So, carefully consider whether you are taking advantage of this one in seven pattern… and if you aren’t, what will the Lord have to do to make you stop and rest?

 

B. The need for nightly sleep reminds us of our limitations and God’s providence

Ps. 127:1-2 “Unless the LORD builds the house, its builders labor in vain. (creating)

Unless the LORD watches over the city, the watchmen stand guard in vain. (conserving)

      2 In vain you rise early and stay up late, toiling for food to eat—  for He grants sleep to those he loves.    Or, “for while they sleep he provides for those he loves”

Here is the vanity and futility of labor and long hours that is not based on trusting the Lord.

To work harder, to put in more hours, and to neglect needed sleep is not the answer.

So in the areas of building (projects, houses, ministries, etc.) or of security (physical protection, financial reserves, etc.) or of trying to raise a family and have your children turn out the way you want them to (Ps. 127:3-5), in all these areas of our labor and long hours, either the Lord ultimately does it, or our efforts are pointless and futile!

How interesting that God designed our minds and bodies that we require 6, 7 or 8 hours of sleep each night! He could have created us so that we could have kept going 24 hours a day, but He didn’t, so that we would know that He is in charge and we are not. He forces us, through our need for sleep, to recognize our limitations and to carefully consider our aims.

“Together with Matt. 6:25-34 (where Jesus commands us to consider the birds and the flowers!) God condemns on the one hand our anxious worry, and on the other hand, our feverish, self-confident labor. Both are unbelief.”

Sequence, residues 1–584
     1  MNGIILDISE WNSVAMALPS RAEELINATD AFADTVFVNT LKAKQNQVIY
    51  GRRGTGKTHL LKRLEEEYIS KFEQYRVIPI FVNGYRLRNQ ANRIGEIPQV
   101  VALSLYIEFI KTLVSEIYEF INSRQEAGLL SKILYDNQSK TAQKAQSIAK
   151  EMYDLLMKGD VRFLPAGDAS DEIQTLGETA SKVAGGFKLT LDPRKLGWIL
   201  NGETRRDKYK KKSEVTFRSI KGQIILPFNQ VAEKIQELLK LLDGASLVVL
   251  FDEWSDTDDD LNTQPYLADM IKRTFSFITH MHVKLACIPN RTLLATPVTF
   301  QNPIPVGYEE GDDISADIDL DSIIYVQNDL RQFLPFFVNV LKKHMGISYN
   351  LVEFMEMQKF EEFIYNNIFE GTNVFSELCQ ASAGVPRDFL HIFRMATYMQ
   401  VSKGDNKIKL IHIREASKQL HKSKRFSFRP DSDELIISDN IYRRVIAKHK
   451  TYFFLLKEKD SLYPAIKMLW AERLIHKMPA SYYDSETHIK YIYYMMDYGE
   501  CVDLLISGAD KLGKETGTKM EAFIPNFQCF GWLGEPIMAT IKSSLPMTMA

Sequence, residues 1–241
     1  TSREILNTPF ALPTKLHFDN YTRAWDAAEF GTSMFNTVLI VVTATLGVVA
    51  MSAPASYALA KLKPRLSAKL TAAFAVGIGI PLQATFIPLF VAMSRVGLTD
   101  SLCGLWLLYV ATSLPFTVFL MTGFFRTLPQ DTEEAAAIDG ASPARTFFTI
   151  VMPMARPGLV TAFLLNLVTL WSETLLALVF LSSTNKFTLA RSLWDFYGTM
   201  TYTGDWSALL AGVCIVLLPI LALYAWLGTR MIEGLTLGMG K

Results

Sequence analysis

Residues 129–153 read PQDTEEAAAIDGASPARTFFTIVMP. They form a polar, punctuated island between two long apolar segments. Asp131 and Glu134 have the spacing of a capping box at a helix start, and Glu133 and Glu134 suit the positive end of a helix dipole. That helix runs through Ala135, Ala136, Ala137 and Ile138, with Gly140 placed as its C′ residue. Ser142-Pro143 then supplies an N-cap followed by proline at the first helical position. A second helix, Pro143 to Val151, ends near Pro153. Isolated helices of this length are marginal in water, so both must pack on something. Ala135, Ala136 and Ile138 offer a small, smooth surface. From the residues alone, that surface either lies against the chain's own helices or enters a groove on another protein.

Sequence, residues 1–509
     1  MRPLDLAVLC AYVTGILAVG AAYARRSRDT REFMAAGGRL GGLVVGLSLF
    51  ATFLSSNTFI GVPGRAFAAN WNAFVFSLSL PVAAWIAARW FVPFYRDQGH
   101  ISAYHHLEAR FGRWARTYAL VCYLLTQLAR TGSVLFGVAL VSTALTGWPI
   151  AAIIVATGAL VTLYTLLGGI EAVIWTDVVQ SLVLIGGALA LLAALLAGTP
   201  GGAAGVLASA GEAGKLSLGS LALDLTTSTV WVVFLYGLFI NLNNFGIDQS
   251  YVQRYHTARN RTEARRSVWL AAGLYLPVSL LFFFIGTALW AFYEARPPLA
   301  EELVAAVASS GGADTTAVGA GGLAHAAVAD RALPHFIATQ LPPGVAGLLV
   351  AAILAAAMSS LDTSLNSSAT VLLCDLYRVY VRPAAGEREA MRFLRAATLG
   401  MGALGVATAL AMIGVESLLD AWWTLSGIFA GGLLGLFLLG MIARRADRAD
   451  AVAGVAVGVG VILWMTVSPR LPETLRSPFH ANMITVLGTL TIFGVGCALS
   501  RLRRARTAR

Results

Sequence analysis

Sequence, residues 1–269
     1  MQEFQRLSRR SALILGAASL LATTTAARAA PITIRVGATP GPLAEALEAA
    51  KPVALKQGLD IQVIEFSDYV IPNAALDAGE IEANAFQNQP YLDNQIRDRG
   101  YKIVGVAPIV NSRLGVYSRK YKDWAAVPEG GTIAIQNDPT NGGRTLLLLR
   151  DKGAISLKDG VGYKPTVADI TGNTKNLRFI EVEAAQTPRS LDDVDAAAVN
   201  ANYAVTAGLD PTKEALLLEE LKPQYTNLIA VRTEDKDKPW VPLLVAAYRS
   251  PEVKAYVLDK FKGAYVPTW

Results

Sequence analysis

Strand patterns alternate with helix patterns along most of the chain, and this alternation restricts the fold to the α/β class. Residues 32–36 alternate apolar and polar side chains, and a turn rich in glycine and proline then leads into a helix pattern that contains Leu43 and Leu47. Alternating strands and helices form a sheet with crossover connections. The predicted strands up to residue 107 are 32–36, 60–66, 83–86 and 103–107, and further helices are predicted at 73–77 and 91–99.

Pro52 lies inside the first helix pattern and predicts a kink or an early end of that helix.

In John 15:5 Jesus said “Apart from me you can do nothing.”

God calls you to regularly curtail your activities so you can consider carefully your aims through your need for restful sleep. Is that message getting through to you?

C. Jesus called His disciples to get away and rest:

Mark 6:31 “Then, because so many people were coming and going that they did not even have a chance to eat, he said to them, “Come with me by yourselves to a quiet place and get some rest.”

Jesus had sent out his disciples into the area to preach the gospel, and in so doing, they drove out many demons and healed many sick people. (Mark 6:7-13). Now they have returned to Jesus, no doubt tired, with their tanks on empty- physically, emotionally, perhaps even spiritually – and Jesus calls them to get away for a retreat and to get some rest. He who commands His disciples to go out and minister is also the One who commands his disciples to come in and be renewed by resting and slowing down. Literally, the text says that Jesus called them to “rest in the wilderness,” and this theme, of God providing rest for his people within the wilderness is a recurring one in Scripture. (See Dt. 3:20, 12:9f, 25:19; Josh 1:13, 15. 21:44: Ps. 95:7-11; Isa. 63:14; Jer. 31:12; Heb. 3:7-4:13). This theme, by the way, will be fulfilled in Jesus, who provides his disciples today with eternal rest, in Him.